It’s Common, but Not NORMAL!

Clinical Expertise

Jun 16, 2021

Medical Reviewer: Carolyn Tremblay, PT, DPT,
Last Updated: July 21, 2021

“Well, it’s just a part of aging, I suppose.”

Many people accept the fact that they “leak” urine as a part of the aging process. The truth is that while incontinence of any sort can be common, it is not normal. Many don’t even realize that these symptoms many suddenly appear after a major shift in health status, such as an accident, injury, surgery, illness, or treatment for cancer.

What is incontinence?

Most people think of “leaking” with laughing, coughing, or sneezing, or even with exercise (stress incontinence). There are varying degrees and types of incontinence, which is why it is so important to be honest about all symptoms with your physician or therapist. Constipation, changes to bowel and bladder habits, and even changes to intestinal gas are important symptoms to discuss, whether they are new to you or have been a long-term problem. Not every symptom points to the same cause, so a thorough and detailed health history, as well as medication list, can be very helpful in identifying the cause and therefore help the therapist design the proper, and most effective, therapy program.

Certain injuries to the neck or low back can lead to a sudden onset of bowel and bladder difficulties. Others will find new onset of incontinence after a prostatectomy, hysterectomy, or orthopedic surgeries of the pelvis or back. After suffering through an illness or injury, many assume the new onset of increased urinary frequency, urinary incontinence, or decreased bowel control are unrelated symptoms, and often write it off with reluctant acceptance. In some cases, such as a neurological disorder or spinal cord injury, incontinence may need to be managed but may not be 100% resolved. In almost every case, however, pelvic floor physical therapy can provide strategies for improving your condition and will educate on dietary and lifestyle changes that can decrease the impact these symptoms have on your quality of life. In most cases, however, incontinence and pelvic floor dysfunction can be treated conservatively with minor lifestyle changes and a personalized exercise program targeted to your specific needs.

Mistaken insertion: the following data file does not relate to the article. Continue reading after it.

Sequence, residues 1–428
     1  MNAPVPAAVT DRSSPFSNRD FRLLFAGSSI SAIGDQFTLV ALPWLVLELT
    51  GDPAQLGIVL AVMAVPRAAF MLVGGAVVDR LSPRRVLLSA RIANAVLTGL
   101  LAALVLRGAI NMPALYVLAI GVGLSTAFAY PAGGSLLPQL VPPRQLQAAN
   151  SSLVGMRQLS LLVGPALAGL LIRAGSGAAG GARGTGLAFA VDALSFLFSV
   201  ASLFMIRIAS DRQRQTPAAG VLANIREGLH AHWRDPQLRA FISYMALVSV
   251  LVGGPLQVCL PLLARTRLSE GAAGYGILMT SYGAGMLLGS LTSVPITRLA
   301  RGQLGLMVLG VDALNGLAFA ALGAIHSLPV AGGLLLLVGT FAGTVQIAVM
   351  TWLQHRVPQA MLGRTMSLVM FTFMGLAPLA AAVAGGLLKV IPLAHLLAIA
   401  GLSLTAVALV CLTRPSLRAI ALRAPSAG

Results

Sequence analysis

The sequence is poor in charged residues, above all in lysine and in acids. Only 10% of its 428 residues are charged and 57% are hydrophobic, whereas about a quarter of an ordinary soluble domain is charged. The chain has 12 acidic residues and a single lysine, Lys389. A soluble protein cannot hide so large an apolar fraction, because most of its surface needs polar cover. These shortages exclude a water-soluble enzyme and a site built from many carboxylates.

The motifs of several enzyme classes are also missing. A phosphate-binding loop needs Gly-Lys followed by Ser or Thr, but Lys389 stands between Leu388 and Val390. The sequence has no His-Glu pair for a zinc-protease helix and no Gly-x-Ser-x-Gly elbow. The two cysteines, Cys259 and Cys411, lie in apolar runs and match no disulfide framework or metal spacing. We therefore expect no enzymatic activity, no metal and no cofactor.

Pelvic floor disorders are often underdiagnosed, brushed off as a part of the aging process, or accepted as a part of pregnancy and childbirth. While these issues can contribute to the cause, is usually very treatable. While there are certain neurological disorders and injuries that can lead to untreatable incontinence of urine or feces, most cases can be treated conservatively with good success.

Whether your symptoms started after a surgery or accident, or as a result of illness, or if you’ve had them for several years, pelvic floor physical therapy could be the answer that you’ve been seeking. Speak to your physician today after a referral for an evaluation.

Medical Reviewer

Carolyn Tremblay, PT, DPT,

Center Manager, Brooks Rehabilitation Osceola
Carolyn Tremblay, PT, DPT, CLT received her Doctorate of Physical Therapy from Nova Southeastern University in 2015, and holds a Master of Education from American Intercontinental University as well as a Bachelor of Arts from the University of Connecticut. Carolyn is passionate about helping her patients restore function and enjoy life again! She works in pelvic health, neurological rehabilitation, is a Certified Lymphedema Therapist, and is certified in Dry Needling for pain. Carolyn is also the Lymphedema Subject Matter Expert for Brooks. Outside of the clinic, she enjoys running with friends, yoga, and volunteering with a local horseback therapy facility, and sometimes teaches online college classes.
Translate »